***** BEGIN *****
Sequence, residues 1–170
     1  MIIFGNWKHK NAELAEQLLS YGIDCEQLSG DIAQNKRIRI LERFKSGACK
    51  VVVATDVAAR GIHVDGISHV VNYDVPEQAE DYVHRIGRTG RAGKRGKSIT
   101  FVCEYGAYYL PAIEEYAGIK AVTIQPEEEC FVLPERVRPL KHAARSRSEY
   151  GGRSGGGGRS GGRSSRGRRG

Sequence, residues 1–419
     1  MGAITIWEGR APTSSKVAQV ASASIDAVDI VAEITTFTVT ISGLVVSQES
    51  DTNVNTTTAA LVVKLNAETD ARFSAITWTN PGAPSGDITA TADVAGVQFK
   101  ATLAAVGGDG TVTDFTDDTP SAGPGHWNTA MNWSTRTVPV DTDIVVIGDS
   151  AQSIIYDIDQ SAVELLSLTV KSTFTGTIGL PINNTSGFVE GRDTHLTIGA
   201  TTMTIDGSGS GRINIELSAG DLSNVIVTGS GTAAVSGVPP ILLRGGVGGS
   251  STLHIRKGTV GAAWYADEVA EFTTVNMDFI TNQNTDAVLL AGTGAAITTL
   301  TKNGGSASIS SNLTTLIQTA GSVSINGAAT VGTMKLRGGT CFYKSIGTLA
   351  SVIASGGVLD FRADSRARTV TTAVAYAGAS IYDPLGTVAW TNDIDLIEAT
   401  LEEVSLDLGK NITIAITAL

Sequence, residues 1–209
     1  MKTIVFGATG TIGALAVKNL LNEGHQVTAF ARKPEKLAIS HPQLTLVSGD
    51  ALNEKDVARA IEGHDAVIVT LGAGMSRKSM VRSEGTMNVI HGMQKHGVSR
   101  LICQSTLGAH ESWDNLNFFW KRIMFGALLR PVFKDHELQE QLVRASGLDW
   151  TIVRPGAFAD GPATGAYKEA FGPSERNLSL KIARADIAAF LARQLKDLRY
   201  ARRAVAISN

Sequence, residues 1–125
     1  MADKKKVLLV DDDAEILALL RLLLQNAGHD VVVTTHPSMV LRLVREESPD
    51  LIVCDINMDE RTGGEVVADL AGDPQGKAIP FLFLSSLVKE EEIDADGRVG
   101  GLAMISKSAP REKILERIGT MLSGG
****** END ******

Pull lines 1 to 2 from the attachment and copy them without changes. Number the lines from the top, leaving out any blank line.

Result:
Sequence, residues 1–170
     1  MIIFGNWKHK NAELAEQLLS YGIDCEQLSG DIAQNKRIRI LERFKSGACK